Just when I am about to totally dismiss Tom Cruise as a product of his looks and a couple of decent action films I am reminded that given the right type of role this guy can muster a good acting performance. He did it in Tropic Thunder, Rain Man, Jerry Maguire, and Born on the Fourth of July. Born on the Fourth of July is the film where director Oliver Stone (JFL, Savages) took the axe he seemingly has against the American government and ground it and ground it well. He does not go off half cocked against the U.S. government, the Vietnam War and the mistreatment of the veterans that came back broken and injured men. In Stone’s tempered hands and Cruise’s nuanced and passionate performance the film doesn’t sink to the level of ranting, rather it becomes a strong human rights and anti-war statement.
As a young boy Ron Kovic grew up in Long Island, New York with a strong Catholic background and pride in his country. After a visit by a recruiter to his high school, a young, fit and patriotic young man does what he sees to be the only logical choice – he enlists in the Marines.
On his second tour through Vietnam in 1968 during the brutal war, the now Sargeant Kovic (Tom Cruise) is on a patrol with his men and they mistake a group of citizens as the enemy. A slaughter ensues. During the chaotic retreat Kovic accidentally shoots one of his own men. The young soldier named Wilson (Michael Compotaro) unfortunately dies. This accidentally shooting and death ways heavily on Kovic, who tries to talk to a superior about it, but is basically brushed off.
Later while on another patrol Kovic is gravely injured. The bullet travels through his body and ends up destroying his spine. He is rescued from the field by fellow Marines. Kovic is paralyzed from the waist down and spends some time recovering at the Bronx Veterans Administration Hospital. The hospital’s conditions are horrible, to say the least, and the doctors do not seem very sympathetic to the patients’ conditions. Kovic even injures himself further when trying desperately to walk again.
Back home and is in a wheelchair. He is a changed man due to his injury and the mistreatment he received at the hospital. His friends and family cannot tolerate his behaviour. Kovic believes that his government has forgotten about the Vietnam veterans. He begins to participate in anti-government rallies. The divide widens between Kovic and his mother and brother, Tommy (Josh Evans – The Doors), who is now anti-war. Besides his physical injuries, Kovic is now suffering psychologically. He begins to drink heavily.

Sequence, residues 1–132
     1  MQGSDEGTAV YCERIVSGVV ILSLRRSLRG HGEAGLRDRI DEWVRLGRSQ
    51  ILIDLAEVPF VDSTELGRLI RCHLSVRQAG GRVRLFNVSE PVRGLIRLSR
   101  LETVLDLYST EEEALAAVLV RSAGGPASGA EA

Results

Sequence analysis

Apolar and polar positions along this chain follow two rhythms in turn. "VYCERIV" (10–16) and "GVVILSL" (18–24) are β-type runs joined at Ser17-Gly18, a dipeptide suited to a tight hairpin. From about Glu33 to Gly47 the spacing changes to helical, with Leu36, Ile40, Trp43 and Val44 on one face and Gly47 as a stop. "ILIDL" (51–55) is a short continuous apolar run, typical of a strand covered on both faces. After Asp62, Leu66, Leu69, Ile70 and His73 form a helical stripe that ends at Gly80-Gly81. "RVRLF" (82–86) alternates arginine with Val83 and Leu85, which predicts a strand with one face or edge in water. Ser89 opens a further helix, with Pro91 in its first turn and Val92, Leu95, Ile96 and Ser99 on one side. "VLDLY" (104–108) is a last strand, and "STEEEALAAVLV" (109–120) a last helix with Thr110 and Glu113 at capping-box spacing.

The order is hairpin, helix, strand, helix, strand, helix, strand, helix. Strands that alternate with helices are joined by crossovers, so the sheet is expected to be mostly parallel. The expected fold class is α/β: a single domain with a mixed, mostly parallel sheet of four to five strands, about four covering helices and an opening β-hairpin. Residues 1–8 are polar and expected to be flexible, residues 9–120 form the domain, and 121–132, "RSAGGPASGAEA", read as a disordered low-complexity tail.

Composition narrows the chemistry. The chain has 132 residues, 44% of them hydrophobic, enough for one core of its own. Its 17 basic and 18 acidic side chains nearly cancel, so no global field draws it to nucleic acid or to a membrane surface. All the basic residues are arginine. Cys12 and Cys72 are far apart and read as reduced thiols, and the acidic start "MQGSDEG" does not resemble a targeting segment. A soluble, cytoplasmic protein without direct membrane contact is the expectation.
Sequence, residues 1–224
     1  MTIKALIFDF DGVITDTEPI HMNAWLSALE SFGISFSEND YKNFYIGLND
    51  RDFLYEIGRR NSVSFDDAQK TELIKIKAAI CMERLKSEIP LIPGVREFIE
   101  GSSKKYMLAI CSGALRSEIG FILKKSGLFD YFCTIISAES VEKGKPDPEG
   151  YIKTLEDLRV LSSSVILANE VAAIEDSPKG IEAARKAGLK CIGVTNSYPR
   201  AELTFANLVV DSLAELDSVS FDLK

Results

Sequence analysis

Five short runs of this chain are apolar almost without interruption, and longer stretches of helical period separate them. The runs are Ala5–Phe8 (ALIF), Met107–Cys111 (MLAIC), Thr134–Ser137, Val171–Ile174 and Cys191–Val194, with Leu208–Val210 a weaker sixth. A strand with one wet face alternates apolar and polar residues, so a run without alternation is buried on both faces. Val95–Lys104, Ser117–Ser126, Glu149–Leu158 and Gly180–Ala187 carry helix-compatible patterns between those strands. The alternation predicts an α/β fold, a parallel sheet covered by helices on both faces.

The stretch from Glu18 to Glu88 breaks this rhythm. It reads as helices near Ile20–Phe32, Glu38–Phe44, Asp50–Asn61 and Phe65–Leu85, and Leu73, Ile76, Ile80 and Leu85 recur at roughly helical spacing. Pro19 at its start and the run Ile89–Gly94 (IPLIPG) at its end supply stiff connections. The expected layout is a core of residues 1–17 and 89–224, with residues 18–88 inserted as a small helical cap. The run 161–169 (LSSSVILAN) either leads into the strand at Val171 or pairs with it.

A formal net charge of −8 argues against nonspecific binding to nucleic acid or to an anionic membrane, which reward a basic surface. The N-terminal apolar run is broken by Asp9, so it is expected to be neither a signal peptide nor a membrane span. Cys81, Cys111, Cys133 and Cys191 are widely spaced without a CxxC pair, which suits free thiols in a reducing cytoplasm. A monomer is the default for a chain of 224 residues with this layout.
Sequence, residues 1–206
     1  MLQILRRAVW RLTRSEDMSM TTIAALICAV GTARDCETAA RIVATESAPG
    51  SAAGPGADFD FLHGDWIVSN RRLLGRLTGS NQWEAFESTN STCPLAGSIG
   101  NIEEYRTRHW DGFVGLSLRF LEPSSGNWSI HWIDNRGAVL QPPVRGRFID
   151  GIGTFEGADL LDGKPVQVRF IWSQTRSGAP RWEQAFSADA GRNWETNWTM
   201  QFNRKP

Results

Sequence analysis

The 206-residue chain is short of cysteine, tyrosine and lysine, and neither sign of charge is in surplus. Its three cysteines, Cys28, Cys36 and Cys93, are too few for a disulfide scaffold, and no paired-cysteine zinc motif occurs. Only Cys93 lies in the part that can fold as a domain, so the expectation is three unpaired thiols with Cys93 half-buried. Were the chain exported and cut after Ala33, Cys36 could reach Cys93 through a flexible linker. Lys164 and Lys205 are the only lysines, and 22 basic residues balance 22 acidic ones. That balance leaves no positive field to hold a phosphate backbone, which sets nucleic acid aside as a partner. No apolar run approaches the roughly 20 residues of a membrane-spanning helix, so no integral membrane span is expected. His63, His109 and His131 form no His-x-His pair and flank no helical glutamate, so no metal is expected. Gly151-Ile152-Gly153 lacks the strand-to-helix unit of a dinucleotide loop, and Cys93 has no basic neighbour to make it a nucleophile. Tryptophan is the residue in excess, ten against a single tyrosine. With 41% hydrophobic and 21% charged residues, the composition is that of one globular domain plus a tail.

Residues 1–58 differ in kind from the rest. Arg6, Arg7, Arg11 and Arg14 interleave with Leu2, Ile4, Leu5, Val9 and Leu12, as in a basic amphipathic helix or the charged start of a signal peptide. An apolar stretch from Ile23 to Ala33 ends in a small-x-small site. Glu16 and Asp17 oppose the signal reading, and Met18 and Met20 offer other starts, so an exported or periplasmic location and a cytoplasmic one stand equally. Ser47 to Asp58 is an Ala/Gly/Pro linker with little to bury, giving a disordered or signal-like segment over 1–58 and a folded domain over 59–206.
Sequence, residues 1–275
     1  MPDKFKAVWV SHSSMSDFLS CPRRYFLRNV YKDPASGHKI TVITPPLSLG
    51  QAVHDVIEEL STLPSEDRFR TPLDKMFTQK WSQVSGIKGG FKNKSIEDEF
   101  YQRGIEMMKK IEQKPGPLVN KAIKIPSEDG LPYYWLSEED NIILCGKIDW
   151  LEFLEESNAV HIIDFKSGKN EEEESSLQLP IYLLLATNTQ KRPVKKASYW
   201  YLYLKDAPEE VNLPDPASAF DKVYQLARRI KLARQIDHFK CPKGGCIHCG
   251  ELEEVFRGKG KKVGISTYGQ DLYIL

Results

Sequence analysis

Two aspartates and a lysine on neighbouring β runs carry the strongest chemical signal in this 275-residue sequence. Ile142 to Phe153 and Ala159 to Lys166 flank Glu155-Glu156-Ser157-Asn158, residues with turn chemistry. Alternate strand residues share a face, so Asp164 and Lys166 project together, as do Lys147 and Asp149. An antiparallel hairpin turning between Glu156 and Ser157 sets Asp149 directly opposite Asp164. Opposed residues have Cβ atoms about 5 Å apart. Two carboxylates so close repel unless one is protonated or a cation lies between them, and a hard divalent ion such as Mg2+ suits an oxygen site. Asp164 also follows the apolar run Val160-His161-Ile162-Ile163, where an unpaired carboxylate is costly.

After a trip to Mexico and a visit with the widow and parents of Wilson, Kovic continues to fight for the right of American veterans.
This is an important story about the Vietnam War. We have all seen the Vietnam films that deal with soldiers during the war, but very few have touched upon how the soldiers readjust to civilian life after coming back home. It is an important issue and a sadly neglected one. We create these men who go off. witness or are subject to incredible violence and horror then try to sweep them under the rug when then come home either psychologically or physically damaged. They are making great sacrifices and this is how we thank them. Sad.
For Oliver Stone, this film is one of his finest moments as a director. He is able to get off his soap box and construct a film that is powerful without being overly one sided. This era was a time that American eyes began to be opened about their government and that they were not always doing what was right for the people. The American people began rebel against their own government for insisting that they continuing to fight in a war which was obviously not winnable. And at the high price of the loss of many young American men. Stone is not concerned about the horrors of war per se, but rather the horrors that face the men that come back. He does not aim to portray Kovic as a saintly man who was wronged, rather it is much more effective because he allows him to be an “average” man with flaws and faults.
Matching Stone’s deft touch was his leading man, Tom Cruise. Cruise does a marvellous job portraying a man who is slipping into the depths of despair and becoming disillusioned towards the country he loved so much. We see the effect that it has on him and with Cruise’s portrayal, Kovic’s torment becomes palpable. He invites the viewer in to live through the torment right alongside the character. Cruise totally commits to the role and does the man he portrays justice. In doing so he demonstrates a range I did not believe he possessed.
- From the NBC News Archives – Backstory: Born on the Fourth of July
- Feature Commentary with Director Oliver Stone
- 100 Years of Universal: Academy Award® Winners
- 100 Years of Universal: The ’80s